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UN agriculture agency adopts new strategy to combat animal disease outbreaks

UN agriculture agency adopts new strategy to combat animal disease outbreaks

Strengthening measures to prevent and control outbreaks of animal diseases could result in the saving of large amounts of money for governments, the United Nations agriculture agency said today, announcing a new strategy to more effectively detect and combat the diseases.

The UN Food and Agriculture Organization (FAO) said it had drawn on its experience in past animal health emergencies to develop the “One Health” initiative, which aims to improve global response to disease outbreaks, implement effective prevention and containment strategies and manage risks.

The strategy, developed in collaboration with UN World Health Organization (WHO) and the World Organisation for Animal Health, also includes boosting the knowledge of the causes of disease outbreaks in livestock production. FAO is requesting donors to invest in its suggested five-year initiative.

Actions envisaged in the One Health initiative include: enhancement of disease early warning and detection systems; strengthening of capacity for surveillance and response; identification and assessment of disease causes in food animal production and natural resource management.

Others are the strengthening of the capacity of public veterinary services in preparation, prevention and response to animal disease occurrence; assessment of the social and economic impact of diseases; associating private sector stakeholders with public sector action in livestock and wildlife health.

The pandemic influenza viruses H5N1 and H1N1, foot-and-mouth disease, Rift Valley fever, and rabies are among the more recent animal disease outbreaks that have had an impact on human health and people’s livelihoods, FAO said in a press release.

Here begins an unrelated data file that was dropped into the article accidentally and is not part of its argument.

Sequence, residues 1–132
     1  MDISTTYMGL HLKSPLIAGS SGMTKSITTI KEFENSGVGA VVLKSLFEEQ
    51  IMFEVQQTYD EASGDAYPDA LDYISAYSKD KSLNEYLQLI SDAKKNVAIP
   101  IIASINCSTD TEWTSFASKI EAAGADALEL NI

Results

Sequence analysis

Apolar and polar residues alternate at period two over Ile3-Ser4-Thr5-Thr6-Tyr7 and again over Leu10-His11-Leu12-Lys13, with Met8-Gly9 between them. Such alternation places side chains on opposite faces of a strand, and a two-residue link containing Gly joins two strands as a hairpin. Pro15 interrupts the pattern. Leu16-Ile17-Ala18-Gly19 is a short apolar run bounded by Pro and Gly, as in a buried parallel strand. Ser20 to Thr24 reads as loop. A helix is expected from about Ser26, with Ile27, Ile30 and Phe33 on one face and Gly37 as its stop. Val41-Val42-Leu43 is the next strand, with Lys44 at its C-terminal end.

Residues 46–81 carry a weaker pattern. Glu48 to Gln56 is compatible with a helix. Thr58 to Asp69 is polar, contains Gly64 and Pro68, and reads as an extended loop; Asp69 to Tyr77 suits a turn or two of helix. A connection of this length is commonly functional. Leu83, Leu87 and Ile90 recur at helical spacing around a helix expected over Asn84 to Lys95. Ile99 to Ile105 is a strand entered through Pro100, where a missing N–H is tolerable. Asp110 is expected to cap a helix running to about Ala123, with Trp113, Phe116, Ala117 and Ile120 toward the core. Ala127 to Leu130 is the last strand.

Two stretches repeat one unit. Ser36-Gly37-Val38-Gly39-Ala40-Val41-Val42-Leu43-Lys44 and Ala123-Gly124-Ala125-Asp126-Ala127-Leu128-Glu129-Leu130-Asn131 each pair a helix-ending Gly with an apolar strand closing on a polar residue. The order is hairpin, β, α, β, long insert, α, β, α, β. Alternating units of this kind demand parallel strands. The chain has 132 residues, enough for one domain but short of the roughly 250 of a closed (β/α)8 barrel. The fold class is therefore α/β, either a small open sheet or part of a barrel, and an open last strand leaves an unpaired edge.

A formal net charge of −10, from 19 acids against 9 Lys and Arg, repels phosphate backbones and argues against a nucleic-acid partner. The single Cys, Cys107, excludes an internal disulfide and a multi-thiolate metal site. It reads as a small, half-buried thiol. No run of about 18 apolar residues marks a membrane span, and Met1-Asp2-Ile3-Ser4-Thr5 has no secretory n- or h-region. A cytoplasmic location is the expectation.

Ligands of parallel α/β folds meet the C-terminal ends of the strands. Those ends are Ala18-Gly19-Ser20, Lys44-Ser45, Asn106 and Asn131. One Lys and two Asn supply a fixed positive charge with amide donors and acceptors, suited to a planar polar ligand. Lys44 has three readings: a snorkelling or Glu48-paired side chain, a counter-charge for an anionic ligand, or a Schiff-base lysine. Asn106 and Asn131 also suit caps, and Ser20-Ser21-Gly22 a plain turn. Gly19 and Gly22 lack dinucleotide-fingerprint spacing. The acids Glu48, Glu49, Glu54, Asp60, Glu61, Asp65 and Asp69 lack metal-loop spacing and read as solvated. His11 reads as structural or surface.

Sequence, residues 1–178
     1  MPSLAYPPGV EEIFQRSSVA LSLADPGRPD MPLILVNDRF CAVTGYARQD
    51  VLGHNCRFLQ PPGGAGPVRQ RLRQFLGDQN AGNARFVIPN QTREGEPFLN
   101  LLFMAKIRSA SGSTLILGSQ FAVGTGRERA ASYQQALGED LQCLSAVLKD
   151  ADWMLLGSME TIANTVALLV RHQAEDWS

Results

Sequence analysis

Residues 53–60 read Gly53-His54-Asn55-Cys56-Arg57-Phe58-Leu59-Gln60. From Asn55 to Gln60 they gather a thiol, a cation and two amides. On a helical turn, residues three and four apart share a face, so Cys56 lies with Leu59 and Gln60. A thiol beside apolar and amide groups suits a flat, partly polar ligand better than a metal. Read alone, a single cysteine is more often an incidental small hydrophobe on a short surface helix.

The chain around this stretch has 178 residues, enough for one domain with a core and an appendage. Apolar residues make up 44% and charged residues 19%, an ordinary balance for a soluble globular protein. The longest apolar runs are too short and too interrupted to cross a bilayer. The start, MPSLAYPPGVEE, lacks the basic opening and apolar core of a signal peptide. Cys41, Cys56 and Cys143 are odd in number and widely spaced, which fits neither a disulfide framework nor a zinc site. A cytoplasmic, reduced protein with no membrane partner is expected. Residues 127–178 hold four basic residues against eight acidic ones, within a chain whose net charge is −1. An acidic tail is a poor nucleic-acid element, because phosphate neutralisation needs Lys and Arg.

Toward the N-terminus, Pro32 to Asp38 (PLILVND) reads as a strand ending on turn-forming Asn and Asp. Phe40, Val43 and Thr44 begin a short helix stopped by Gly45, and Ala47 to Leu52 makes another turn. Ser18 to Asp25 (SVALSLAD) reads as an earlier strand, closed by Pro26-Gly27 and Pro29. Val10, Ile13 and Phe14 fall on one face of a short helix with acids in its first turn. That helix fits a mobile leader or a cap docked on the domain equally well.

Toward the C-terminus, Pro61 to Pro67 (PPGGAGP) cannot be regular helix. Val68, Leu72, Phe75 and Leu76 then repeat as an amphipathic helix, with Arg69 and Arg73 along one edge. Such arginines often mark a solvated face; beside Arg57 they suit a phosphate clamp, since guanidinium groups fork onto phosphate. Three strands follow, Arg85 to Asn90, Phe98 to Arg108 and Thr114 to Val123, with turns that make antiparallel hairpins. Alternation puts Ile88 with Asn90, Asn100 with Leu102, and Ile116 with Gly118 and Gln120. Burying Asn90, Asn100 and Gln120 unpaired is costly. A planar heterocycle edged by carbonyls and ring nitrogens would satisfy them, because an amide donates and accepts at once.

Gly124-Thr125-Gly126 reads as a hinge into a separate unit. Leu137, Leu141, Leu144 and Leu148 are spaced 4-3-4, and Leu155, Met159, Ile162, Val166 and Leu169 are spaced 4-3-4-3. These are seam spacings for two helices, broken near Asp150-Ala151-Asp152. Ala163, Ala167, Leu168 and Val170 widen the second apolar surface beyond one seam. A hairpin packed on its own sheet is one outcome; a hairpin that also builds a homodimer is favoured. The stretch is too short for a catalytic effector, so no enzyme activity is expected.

Land use, ecological dynamics including climate change, and expanding trade and trade routes are all posing new challenges to animal disease prevention and control, the UN agency warned, pointing out that the emerging threats are also related to increased urbanization and rising demand for meat, milk and eggs.

“We are expecting the costs to human, animal and plant health of these pathogens, and their overall economic costs, to rise substantially over the next decades,” said Juan Lubroth, FAO's Chief Veterinary Officer.

In the United Kingdom, for example, a 2001 outbreak of foot-and-mouth disease was estimated to have cost the Government and private sector between $25 and $30 billion. The 2002-2003 Severe Acute Respiratory Syndrome (SARS) outbreak in China, Hong Kong, Singapore and Canada is estimated to have cost between $30 and $50 billion.

In developing countries, high impact trans-boundary animal diseases pose a direct threat to the food security, nutrition and income of rural communities that are dependent on livestock.

The collective influenza virus gene pool currently circulating in humans, poultry, pigs and other animals is becoming more diverse with new strains of the virus across different hosts becoming increasingly common, according to FAO.

Given the increase in urban food waste, an increasing number of scavenging animals such as dogs are roaming in urban spaces and human habitats. Certain wild species of animals are also thriving in urban environments posing new threats to human health such as rabies.

As a result of human population increases, people are farming animals in locations closer to natural habitats, thereby increasing the risk of disease transmission between domestic animals and wildlife and thus affecting biodiversity and conservation efforts.

“This is not science fiction,” said Mr. Lubroth. “The threats are very real. Deadly and economically devastating livestock epidemics have existed throughout history but there is no doubt that more pathogens are emerging – and spreading. The good news is, with the right policies, they can be better detected and contained,” he said.